The following projects were defined in collaboration with our community partners. Each addresses a specific need and will greatly enhance the productivity and product quality of the workshops. These projects are not set in stone; new projects can be defined and the existing projects can be modified or combined. Ideally each project will have three to five students, but this is obviously dependent on enrolment. Funded fellowships offered through WDDC will allow students to implement these projects into the partners’ wheelchair workshops during the summer.

1. Continuation of the powertrike project

For the past year we WDDC and M-Lab have been working on a design for a power-assisted tricycle with APDK. The previous prototype, which can be seen here, was more like a moped - it required pedaling to start the engine. APDK feels that pedal starting is too difficult for their clients and wants something closer to a motorcycle instead.

The team that develops this project will need to find a solution that will cost between $500 and $1000 for the entire product. The team should explore locally manufacturing the product and importing it from abroad. The product needs to be easily accessible (easy to transfer on and off), able to be started while stationary, and needs to be locally repairable.


2. Mobile post office for Indian handcycles

There is a desire in India to provide employment to people with disabilities by transforming their tricycle into a mobile post office. The tricycle user would travel around town delivering packages and letters, selling stamps, and picking up new mail. The aim of this project is to produce simple attachments for existing Indian tricycles to enable them to transport parcels and securely hold money and stamps. The attachments should be simple, low-cost, and locally-manufacturable.

Indian post office handcycle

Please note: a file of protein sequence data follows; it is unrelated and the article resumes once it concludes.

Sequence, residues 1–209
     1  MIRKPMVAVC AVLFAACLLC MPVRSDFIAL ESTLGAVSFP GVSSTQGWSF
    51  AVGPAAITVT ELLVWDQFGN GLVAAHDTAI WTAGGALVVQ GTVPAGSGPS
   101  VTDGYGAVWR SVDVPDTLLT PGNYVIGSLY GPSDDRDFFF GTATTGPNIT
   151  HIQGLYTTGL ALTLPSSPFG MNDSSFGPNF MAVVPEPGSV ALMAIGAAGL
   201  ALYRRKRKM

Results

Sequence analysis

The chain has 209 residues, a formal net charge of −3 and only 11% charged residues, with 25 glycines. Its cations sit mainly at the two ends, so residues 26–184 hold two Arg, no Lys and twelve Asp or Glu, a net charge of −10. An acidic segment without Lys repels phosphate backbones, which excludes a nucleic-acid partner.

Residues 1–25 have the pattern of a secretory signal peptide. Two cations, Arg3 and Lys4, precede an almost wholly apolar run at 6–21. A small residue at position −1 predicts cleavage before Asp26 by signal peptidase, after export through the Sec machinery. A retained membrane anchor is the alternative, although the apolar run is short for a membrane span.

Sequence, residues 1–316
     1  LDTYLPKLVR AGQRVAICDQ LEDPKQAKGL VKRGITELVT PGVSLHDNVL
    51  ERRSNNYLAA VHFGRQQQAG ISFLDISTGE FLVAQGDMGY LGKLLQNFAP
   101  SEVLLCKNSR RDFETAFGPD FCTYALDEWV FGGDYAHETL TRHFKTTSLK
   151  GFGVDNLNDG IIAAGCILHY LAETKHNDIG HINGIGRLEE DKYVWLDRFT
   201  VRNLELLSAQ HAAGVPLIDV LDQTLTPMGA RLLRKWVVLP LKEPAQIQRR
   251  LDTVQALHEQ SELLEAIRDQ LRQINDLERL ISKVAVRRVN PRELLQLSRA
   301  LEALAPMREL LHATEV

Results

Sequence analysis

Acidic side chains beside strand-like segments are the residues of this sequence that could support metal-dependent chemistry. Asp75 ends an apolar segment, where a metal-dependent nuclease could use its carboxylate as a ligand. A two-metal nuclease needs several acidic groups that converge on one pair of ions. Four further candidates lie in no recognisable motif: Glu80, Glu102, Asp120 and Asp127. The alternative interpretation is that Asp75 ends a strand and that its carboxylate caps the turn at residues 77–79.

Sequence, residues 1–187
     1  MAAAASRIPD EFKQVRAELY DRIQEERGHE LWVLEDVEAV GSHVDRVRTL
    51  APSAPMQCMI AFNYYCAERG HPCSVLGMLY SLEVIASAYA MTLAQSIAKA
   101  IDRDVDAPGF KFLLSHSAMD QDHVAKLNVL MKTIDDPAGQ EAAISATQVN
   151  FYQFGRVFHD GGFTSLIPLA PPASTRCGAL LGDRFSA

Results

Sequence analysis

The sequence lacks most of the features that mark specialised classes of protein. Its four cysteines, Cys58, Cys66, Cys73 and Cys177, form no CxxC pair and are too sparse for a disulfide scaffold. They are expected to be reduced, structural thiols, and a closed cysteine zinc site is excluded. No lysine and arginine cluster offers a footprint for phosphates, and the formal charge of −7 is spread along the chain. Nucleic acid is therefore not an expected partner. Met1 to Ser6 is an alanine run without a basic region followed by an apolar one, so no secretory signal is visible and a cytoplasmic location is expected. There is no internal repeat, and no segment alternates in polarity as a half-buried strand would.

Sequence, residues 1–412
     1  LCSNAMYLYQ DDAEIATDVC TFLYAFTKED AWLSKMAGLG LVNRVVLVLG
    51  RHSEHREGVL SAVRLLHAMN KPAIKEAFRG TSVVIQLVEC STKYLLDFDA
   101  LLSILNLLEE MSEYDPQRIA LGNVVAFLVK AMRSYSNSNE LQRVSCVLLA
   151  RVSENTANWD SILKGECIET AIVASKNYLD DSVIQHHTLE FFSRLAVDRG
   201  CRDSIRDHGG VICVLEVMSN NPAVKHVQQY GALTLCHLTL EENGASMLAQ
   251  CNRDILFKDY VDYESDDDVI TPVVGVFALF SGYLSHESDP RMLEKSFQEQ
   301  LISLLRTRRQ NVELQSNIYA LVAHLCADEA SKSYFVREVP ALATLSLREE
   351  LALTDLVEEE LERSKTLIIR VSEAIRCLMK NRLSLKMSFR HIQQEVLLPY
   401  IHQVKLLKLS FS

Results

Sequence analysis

3. Small business opportunities for wheelchair users

Two of the major problems that affect third-world people with disabilities are the inability to afford a mobility aid and the lack of available jobs. This project will address both issues by identifying small business opportunities that can be run from the back of a wheelchair and/or tricycle and producing attachments to support the businesses. With this plan, people with disabilities will purchase a mobility aid (possibly with micro-financing) and gain mobility as well as a source of income. The attachments produced should be locally-manufacturable and not significantly increase the cost of the wheelchair. Furthermore, they should be retrofittable to existing wheelchairs.

4. LFC continued development and production tooling

During the summer of 2010, a next-generation LFC will be produced and released for trial. This chair will require significant upgrades from the previous trial chair, including a ligher frame, reduced wheel width, lower seat, a higher seat back, seat belt, improved caster dynamics, and adjustable lever brakes. Additionally, production tooling needs to be designed to build the next generation LFCs. The team that develops this project will choose one or some elements of the LFC on which to work and participate in building the next generation chair.

LFC development
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